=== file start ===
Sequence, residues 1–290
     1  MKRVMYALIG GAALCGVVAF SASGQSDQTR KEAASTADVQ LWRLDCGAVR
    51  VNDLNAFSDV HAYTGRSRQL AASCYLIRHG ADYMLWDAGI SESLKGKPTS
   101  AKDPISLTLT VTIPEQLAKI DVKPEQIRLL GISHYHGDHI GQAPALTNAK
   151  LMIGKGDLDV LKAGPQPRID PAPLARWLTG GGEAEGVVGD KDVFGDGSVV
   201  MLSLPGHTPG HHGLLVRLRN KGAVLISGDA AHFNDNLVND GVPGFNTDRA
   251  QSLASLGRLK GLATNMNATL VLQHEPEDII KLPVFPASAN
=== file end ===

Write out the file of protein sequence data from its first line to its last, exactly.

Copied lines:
Sequence, residues 1–290
     1  MKRVMYALIG GAALCGVVAF SASGQSDQTR KEAASTADVQ LWRLDCGAVR
    51  VNDLNAFSDV HAYTGRSRQL AASCYLIRHG ADYMLWDAGI SESLKGKPTS
   101  AKDPISLTLT VTIPEQLAKI DVKPEQIRLL GISHYHGDHI GQAPALTNAK
   151  LMIGKGDLDV LKAGPQPRID PAPLARWLTG GGEAEGVVGD KDVFGDGSVV
   201  MLSLPGHTPG HHGLLVRLRN KGAVLISGDA AHFNDNLVND GVPGFNTDRA
   251  QSLASLGRLK GLATNMNATL VLQHEPEDII KLPVFPASAN